Title

Clock recovery for OTDM and characteristics of actively mode-locked fiber lasers

Date of Completion

January 2004

Keywords

Engineering, Electronics and Electrical|Physics, Optics

Degree

Ph.D.

Abstract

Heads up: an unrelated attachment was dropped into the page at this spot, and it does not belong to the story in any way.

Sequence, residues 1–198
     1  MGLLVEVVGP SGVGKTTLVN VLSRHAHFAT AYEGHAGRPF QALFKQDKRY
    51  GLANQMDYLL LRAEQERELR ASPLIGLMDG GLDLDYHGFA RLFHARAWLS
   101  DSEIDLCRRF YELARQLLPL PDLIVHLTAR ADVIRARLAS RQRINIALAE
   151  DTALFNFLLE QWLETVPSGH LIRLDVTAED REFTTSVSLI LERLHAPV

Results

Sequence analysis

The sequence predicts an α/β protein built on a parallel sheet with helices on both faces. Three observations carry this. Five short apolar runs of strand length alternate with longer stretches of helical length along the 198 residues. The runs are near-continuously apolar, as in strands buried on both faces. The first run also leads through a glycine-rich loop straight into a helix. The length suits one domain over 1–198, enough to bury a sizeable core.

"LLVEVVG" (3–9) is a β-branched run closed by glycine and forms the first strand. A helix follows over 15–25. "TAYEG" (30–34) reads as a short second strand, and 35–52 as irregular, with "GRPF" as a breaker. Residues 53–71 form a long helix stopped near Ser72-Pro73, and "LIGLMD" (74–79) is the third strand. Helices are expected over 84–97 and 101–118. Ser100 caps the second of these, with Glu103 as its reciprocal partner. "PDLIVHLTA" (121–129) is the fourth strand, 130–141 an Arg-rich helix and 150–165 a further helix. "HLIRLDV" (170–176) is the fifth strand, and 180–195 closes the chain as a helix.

High data rate clock recovery is a key technology for realizing future ultrafast optical time division multiplexed (OTDM) network. In this thesis study, an electric-optic type phase locked loop clock recovery circuit is developed which has the potential to operate at very high speed. Residue jitter free operation up to 80Gb/s has been demonstrated which is in good agreement with the phase noise analysis included in this work. ^ The characteristics of the actively mode-locked fiber lasers is also studied in depth in this thesis work. A time domain circulating pulse model has been proposed to study the pulse width optimization problem as well as the output amplitude equalization problem associated with rational harmonic mode-locking. By proposing a cascaded modulator as the cavity loss modulator, amplitude equalized pulse train operating at 80Gb/s has been obtained, which represents the highest order of rational harmonic mode-locking with amplitude equalized output ever reported so far. The dispersion effect on the detuning characteristics of the mode-locked fiber lasers is also studied. An analytic formula is derived which is capable of predicting the saturation effects associated with large frequency detunings. The analytic results obtained are well supported by both the numerical and the experimental investigations. By using the self-biased LiNbO3 modulator as an artificial intensity dependent loss element, nearly 20dB suppression of the relaxation oscillation noise peak has been demonstrated. Based on the linearized rate equation approach, a theory for the laser AM noise suppression has been developed. The jitter problem for harmonic mode-locked fiber lasers is also studied in the frequency domain. It is shown in this work that the super-mode noise contributes significantly to the timing jitter of the produced pulse train which explains the recent experimental observations well. Finally, as a connection between the clock recovery technique and the mode-locked fiber lasers, we extend the regenerative type mode-locking technique from the traditional harmonic region to the current rational harmonic region. In addition, with the help of a novel external repetition rate doubler based on the polarization maintaining fiber loop mirror, a highly stable pulse train operating at 80Gb/s has been obtained. ^